Friday, June 28, 2013
On Monday, June 24, Nick Saul, author of The Stop, was in Guelph to talk about some of the ideas in his book, which outlines the inspirational story of how he transformed a food bank into a thriving, dynamic community centre. We've posted a review of Nick's book, but here you can view our interview with Nick and the Q&A with Brendan Johnson of the Guelph Neighborhood Support Coalition that followed his presentation. Nick's actual presentation will be posted at a later date.
Tuesday, June 25, 2013
The Faraway Nearby
Barb and I were having lunch the other day, enjoying the sun and the quiet of mid-day, when she threw a book over to me and demanded that I read the first page. It was lovely. It reminded me of Annie Dillard (Pilgrim at Tinker Creek, Teaching a Stone to Talk), and I took the book captive. The book in question is The Faraway Nearby by Rebecca Solnit, a companion to her acclaimed essay collection A Field Guide to Getting Lost. As I was reading I was mentally tabulating the people I had to mention it to, knowing that it would underscore an experience they had with clear, poetic intimacy. And really, Solnit's book is all about story and connection:
What's your story? It's all in the telling. Stories are compasses and architecture; we navigate by them, we build our sanctuaries and our prisons out of them, and to be without a story is to be lost in the vastness of a world that spreads in all directions like arctic tundra or sea ice. To love someone is to put yourself in their place, we say, which is to put yourself in their story, or figure out how to tell yourself their story.Take a glance at the table of contents and you can see the arc of experience mapped via whimsical chapter titles: apricots, ice, flights, etc. The book frees Solnit up to slide all over her life, gracefully weaving anecdotes about self-mythologizing--how we make our own realities pasted against the backdrop of geology, or like an ancient Chinese painter's fluid strokes. Really, The Faraway Nearby is a breathtaking meditation on the stupidity and smallness of human concerns and also the brilliance of our cultural creativity. For instance, if you love stories and how integral they are to us, read Solnit's riff on this bad boy:
A sentence by the Marquis de Sade I read when I was young sometimes returns to me: “Ah, what does it matter to her hand, which is always at work creating, that this or that mass of flesh which today constitutes an individual biped may be reproduced tomorrow in the form of a thousand insects?” It mattered to the individual biped, but the exclamation in the form of a question points out that what is ordinarily imagined as disintegration is also, or instead, metamorphosis.There were times reading when I had to ask, sorry, what are we talking about? But it doesn't really matter when writing is this beautiful, this thoughtful. My copy is now swollen with dog-eared pages; there's so much I want to share with those around me.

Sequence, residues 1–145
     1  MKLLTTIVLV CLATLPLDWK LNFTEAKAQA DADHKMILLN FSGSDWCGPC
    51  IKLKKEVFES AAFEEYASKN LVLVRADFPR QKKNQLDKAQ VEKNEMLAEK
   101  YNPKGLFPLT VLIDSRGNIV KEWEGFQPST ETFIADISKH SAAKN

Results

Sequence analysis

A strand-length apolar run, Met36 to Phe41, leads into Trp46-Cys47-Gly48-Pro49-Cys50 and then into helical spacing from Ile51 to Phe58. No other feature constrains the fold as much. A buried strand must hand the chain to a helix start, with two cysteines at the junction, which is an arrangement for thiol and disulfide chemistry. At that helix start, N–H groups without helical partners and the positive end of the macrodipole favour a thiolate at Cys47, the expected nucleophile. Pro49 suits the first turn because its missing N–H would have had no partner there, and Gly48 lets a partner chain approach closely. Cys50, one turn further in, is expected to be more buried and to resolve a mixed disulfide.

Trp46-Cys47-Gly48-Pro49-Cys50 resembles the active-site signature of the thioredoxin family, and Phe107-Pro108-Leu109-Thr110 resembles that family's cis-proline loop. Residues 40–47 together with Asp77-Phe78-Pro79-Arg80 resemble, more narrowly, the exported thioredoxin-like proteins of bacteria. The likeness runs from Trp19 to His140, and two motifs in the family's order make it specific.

Tuesday, June 18, 2013
Nick Saul and Andrea Curtis
It’s so easy to be a naysayer, especially when it comes to social movements. I was reminded of that when a friend and I were talking about South Africa recently. He was saying that not much has changed there and I disagreed, saying that solid integration seemed to have happened in the professional classes but that the majority of poor Africans were still trapped in circumstances that were really very miserable.
But sometimes events or people come along that give you hope, and that hope is on many pages of a new book by Nick Saul titled The Stop: How the Fight for Good Food Transformed a Community and Inspired a Movement.
Ironically, Saul spent his early years in a number of African countries, where his parents were best friends with anti-apartheid activists Ruth First and Joe Slovo. His parents are still active in social justice movements. In 1998 Saul became executive director of a Toronto urban food bank called The Stop. Unfortunately, food banks have become important for so many people, but from Saul’s perspective his food bank and many others were often housed in substandard places and filled with dented cans and macaroni. His book follows the transformation of The Stop from a place where the people who used it had very little access to the fresh food that we value so much, and which is so important to our health, to a vibrant, dialogue-based community centre where courses on maternal health, gardening, and cooking have changed lives. The Stop is such a great example to the many naysayers among us.
In The Stop we follow Nick around through all of his struggles, and they are many. The fact that he was obsessed with a vision for change and that this vision included dialogue with users, staff, volunteers, funders, and a board of directors shows how much social capital he has. That’s a lot of different people under the umbrella. Change is much more difficult when the people involved are personally invested. Egos often clash. And yet personal investment is quite often what makes something great. The book is full of examples, but to give just one illustration of the pain in change, Saul describes a conflict with a long-time volunteer. For many years this lovely man went around to restaurants and food stores and gathered up end-of-the-day stuff that would be thrown out. When Saul described the change that he envisioned where volunteers, users, and staff of The Stop would be growing their own food, the volunteer became very upset and threatened. He felt unappreciated and stopped coming for a while, but did eventually come back.